Don’t Fear Your Income Taxes (& How To Make Sense of it!)
One of the biggest wins that we gain along our financial education journey is empowerment. The amount of confidence that is gained from new knowledge and skills can be extremely powerful and life changing.
One of the most challenging and overlooked areas of personal finances are income taxes. When learners are confronted with understanding taxes it can quickly seem like an overwhelming system. It also doesn’t help that it can trigger deep seeded emotions or appear to be boring.
Taxes can feel a lot like being in the circus – you have to jump through a bunch of regulatory hoops while at the same time you hope that you don’t get eaten by the CRA lion.
This anxiety and fear can prevent learners from benefiting from understanding how taxes work and how to take advantage of the legal opportunities out there. It can also lead to a tax filing fee every year that could be avoided.
Well, I’m here to say that doesn’t need to happen. In many cases, understanding how income taxes work doesn’t need to be that complicated. You’ll kick those negative emotions to the curb and actually become excited about understanding how taxes work.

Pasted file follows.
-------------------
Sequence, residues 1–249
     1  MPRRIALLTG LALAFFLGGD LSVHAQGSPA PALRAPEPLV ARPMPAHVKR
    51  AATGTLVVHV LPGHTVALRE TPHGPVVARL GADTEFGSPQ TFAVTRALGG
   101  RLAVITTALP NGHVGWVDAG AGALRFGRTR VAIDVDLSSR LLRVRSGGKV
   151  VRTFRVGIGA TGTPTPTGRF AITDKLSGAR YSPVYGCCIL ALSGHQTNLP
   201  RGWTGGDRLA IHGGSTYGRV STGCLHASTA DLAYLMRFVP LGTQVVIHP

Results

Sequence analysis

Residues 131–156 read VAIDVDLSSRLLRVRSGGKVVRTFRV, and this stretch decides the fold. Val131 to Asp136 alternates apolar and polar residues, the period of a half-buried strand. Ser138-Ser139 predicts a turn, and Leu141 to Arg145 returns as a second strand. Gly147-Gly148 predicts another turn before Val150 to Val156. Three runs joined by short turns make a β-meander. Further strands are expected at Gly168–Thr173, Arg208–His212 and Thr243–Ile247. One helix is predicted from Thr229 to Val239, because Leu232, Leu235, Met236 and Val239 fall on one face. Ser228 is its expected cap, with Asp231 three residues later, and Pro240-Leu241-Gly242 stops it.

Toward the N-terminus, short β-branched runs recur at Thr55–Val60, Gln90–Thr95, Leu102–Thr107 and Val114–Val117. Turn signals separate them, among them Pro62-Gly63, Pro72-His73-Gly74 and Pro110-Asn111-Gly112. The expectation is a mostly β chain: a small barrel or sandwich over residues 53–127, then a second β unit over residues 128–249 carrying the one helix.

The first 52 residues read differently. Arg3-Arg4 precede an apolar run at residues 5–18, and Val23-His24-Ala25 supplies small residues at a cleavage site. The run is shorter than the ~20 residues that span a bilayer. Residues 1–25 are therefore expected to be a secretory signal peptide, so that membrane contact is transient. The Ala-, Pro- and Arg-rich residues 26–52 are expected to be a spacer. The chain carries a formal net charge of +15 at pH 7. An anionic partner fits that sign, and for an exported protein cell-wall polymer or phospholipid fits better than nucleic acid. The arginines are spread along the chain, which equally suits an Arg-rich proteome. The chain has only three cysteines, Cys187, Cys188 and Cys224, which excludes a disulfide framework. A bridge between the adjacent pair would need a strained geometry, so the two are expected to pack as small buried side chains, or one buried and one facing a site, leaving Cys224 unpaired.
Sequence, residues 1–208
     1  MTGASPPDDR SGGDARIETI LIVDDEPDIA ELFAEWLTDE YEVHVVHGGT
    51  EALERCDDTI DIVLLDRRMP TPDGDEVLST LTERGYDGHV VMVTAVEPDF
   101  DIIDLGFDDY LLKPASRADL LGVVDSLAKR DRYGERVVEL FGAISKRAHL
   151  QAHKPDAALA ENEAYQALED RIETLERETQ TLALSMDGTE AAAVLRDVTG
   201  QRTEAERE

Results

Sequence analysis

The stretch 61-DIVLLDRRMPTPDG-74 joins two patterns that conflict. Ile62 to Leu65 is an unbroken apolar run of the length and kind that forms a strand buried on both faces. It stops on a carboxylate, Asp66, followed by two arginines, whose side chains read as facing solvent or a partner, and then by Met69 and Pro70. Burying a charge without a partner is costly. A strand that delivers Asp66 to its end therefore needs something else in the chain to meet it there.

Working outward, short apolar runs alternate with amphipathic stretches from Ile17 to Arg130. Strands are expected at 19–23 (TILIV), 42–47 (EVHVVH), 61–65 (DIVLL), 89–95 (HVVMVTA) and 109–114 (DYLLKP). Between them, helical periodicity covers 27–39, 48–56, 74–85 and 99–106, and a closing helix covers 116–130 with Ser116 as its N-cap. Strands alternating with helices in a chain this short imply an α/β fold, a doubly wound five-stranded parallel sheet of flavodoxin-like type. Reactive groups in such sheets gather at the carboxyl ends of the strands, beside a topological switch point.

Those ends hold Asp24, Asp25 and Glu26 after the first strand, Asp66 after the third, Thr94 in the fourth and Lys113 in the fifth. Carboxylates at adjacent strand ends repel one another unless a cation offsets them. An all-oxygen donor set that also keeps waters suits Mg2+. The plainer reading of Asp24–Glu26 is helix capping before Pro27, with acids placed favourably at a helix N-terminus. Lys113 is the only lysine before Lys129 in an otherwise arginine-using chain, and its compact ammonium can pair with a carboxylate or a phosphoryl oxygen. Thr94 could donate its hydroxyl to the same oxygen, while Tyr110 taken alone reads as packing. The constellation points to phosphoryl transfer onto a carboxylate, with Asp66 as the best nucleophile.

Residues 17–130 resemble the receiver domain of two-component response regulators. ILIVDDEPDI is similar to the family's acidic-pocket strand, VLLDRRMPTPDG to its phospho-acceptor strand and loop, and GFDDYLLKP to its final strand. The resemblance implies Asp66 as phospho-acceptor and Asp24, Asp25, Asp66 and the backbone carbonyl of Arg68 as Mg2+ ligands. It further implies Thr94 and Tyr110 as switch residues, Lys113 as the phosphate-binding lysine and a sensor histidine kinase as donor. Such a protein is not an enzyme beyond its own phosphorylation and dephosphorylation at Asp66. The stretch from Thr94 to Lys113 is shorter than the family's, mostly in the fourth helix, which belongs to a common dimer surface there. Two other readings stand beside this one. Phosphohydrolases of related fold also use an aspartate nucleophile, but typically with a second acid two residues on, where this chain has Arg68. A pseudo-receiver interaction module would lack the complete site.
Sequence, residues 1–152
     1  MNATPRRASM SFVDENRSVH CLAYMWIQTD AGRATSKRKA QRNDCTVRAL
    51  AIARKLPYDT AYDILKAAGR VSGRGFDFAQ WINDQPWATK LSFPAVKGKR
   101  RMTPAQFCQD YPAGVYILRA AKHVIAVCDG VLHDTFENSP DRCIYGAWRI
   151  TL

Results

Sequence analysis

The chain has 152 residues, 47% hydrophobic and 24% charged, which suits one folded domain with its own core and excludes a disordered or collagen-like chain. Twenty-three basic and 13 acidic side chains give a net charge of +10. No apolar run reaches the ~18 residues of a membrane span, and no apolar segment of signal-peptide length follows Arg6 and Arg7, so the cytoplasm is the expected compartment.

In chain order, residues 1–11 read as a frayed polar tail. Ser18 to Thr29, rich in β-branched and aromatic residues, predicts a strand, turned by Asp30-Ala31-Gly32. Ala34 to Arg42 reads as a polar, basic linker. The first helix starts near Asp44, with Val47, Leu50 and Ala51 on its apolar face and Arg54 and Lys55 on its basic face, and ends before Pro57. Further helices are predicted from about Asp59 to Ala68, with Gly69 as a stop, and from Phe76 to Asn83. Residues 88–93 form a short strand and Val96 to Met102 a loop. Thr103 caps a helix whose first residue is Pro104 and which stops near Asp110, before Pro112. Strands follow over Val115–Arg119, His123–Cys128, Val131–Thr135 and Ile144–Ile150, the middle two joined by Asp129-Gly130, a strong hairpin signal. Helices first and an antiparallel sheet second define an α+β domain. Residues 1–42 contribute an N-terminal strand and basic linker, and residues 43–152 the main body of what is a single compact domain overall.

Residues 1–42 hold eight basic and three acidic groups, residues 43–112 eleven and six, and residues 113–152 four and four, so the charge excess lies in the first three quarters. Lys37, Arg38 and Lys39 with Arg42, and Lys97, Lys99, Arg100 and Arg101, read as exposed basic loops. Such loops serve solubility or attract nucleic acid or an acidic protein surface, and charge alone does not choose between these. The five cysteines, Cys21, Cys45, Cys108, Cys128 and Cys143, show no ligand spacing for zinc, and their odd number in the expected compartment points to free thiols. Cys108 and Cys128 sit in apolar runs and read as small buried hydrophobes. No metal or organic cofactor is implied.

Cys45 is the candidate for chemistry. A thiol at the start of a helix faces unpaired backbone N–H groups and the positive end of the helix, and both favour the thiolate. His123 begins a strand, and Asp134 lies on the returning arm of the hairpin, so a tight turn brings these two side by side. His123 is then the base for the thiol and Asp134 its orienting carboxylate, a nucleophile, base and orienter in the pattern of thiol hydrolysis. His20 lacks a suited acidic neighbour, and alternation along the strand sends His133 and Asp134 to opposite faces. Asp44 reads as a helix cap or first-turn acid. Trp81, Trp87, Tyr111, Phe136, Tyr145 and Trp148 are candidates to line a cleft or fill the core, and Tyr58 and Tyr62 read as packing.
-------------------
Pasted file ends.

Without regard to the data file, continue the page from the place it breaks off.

The benefits from learning about taxes is massive and will compliment your whole financial journey. Choices like understanding if investing in a TFSA or RRSP is better for you, or comparing the after-tax returns on investments will suddenly make sense.
You’ll also catch yourself randomly making tax savings recommendations to your friends and family. Friend buying a house? There’s a tax credit for that! Sister just had a child? Loads of tax benefits for that.
Doing Your Income Taxes Has Never Been Easier!
Plus, filing your taxes online has never been easier! I still remember filing my taxes through a paper form when I was working at my first job and how tedious it was.
Now, there are so many legal websites that can help you do your taxes for free or for a marginal amount like $30. Very often, companies will offer free filings for students, those with income under $20kish, first time filers and those with just T4s.
It’s so easy to do too! You basically answer a bunch of questions and fill in the boxes from all of your slips. The questions will then prompt you to access available tax credits and deductions.
When it comes to understanding the process, a big strategy is by doing your own income taxes and building off of that.
With that being said, there are many instances where you will have to use an accountant – such as if you have a small business or if you’re just stuck, but in many cases salaried employees can easily do their own taxes and you can even copy what previous year accountants did.
The Income Tax Process
So the first step is to look at the big picture and then work down.
The basic system of taxes is that you first calculate your taxable income which then yields how much you have to pay in income taxes. This tax amount owing includes federal and provincial or territorial taxes.